The Proud and the Free

The Proud and the Free

5.0 1
by Janet Dailey
     
 

View All Available Formats & Editions

Raised on a plantation, Temple is a half Cherokee southern belle. By the 1830s, the genteel way of life she loves begins to crumble as tribal treaties are broken and the Cherokee are forced westward. Faced with overwhelming hardship, Temple finds an inner strength she never dreamed she possessed--and a love she never knew she could share. HC: Little, Brown.…  See more details below

Overview

Raised on a plantation, Temple is a half Cherokee southern belle. By the 1830s, the genteel way of life she loves begins to crumble as tribal treaties are broken and the Cherokee are forced westward. Faced with overwhelming hardship, Temple finds an inner strength she never dreamed she possessed--and a love she never knew she could share. HC: Little, Brown. (Historical Fiction)

Editorial Reviews

Publishers Weekly - Publisher's Weekly
Having made her mark in the contemporary romance genre, Dailey (Tangled Vines) returns to historical fiction with a bleak tale of the Cherokee Nation in which the history packs more punch than the narrative. In the early 1830s, the State of Georgia claims Cherokee land and begins to redistribute it to white settlers. The Cherokees gain support in Congress, and the Supreme Court rules in their favor, but President Jackson refuses to enforce the court's decision. Amid this turbulence, two proud lovers find romance: Temple Gordon, an educated Cherokee princess, and her future husband, The Blade Stuart, an iconoclastic Cherokee who owns a plantation. When the atrocities against his people escalate, The Blade moves to save them. Along with a few other chiefs, he signs a treaty that calls for Indian protection-and their removal west. Temple is torn between loyalty to her people and her love for The Blade. She and her family are herded into detention camps before they are forced on the infamous Trail of Tears. While not flinching from the graphic horrors of her topic, Dailey scants her characters; the romance between Temple and The Blade, lukewarm at best, may disappoint the author's huge following. Literary Guild selection. (Sept.)
Library Journal
Temple Gordon and The Blade Stuart are a Cherokee couple at odds over the future of the Cherokee Nation in the early 1830s. In the face of all evidence, Temple persists in believing the Cherokee will not be forced from their land. The Blade can see the writing on the wall, however, and tries to persuade his dim wife and her family to head west voluntarily. Dailey has obviously done some research for this historical tale, and it shows. Minilectures about the Cherokee and the U.S. government's shameful actions are simply inserted at various points in the narrative, doing nothing to add interest to a plot that is completely predictable. Dailey clearly means well, but she fails to create a single character the reader will care about (Temple, in fact, is singularly unappealing). Nonetheless, given Dailey's many readers, this is probably an essential purchase for most popular fiction collections. [Previewed in Prepub Alert, LJ 5/15/94.]-Elizabeth Mellett, Brookline P.L., Mass.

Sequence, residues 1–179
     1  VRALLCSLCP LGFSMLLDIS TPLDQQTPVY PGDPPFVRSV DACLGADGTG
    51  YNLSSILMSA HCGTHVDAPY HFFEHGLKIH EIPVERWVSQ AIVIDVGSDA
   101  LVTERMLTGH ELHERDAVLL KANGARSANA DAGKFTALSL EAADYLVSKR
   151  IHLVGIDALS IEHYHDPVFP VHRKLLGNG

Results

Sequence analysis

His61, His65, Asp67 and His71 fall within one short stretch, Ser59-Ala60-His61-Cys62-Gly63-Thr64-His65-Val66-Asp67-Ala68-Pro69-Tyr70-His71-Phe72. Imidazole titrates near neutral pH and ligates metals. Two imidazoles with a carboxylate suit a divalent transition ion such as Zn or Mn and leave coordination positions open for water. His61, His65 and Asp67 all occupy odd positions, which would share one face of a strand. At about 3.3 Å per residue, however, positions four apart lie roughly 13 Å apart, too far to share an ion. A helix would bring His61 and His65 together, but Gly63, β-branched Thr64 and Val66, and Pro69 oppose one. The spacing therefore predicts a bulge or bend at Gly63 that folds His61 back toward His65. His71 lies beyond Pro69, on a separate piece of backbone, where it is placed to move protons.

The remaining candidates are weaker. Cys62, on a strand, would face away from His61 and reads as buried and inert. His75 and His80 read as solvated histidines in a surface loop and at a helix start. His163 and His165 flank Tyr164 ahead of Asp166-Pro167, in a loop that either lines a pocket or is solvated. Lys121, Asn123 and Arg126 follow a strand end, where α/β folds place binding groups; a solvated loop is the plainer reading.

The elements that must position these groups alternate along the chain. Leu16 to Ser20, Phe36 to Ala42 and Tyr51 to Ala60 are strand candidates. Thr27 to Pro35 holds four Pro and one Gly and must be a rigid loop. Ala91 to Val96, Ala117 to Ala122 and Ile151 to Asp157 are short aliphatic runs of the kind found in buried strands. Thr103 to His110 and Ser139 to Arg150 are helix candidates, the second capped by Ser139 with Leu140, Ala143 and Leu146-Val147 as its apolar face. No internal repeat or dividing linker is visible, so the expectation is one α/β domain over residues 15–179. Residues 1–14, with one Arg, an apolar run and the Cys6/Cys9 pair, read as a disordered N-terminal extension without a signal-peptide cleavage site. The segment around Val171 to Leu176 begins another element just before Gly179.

Denise Perry Donavin
Dailey's newest historical novel is set against the Cherokee Trail of Tears, which forced the transfer of Native Americans from their southern homes to the West. Centering her novel on a wealthy, slave-owning Scots-Cherokee family gives a unique perspective to the story of the theft of Cherokee lands by Georgia settlers. The raids by Georgia bandits, unsuccessful counsel meetings with President Jackson, and the final upheaval of the families are powerfully conveyed. In the midst of the history and politics are two love stories. Eliza, a tutor to Cherokee leader Will Gordon's seven children, eventually becomes his wife. Will's daughter faces her family's wrath when her husband signs the treaty agreeing to the westward move. Dailey's blend of American history and romance will captivate her fans and create new ones.

Read More

Product Details

ISBN-13:
9780446602082
Publisher:
Grand Central Publishing
Publication date:
08/01/1995
Pages:
400
Product dimensions:
4.12(w) x 6.75(h) x 0.75(d)

Customer Reviews

Average Review:

Write a Review

and post it to your social network

     

Most Helpful Customer Reviews

See all customer reviews >

The Proud and the Free 5 out of 5 based on 0 ratings. 1 reviews.
Guest More than 1 year ago
This book is a must read for anyone who loves a moving plot. The story of Temple, her family, and her transitions throughout the novel are heart-breaking and empowering. Janet Dailey wrote an amazing and enjoyable read for anyone to enjoy.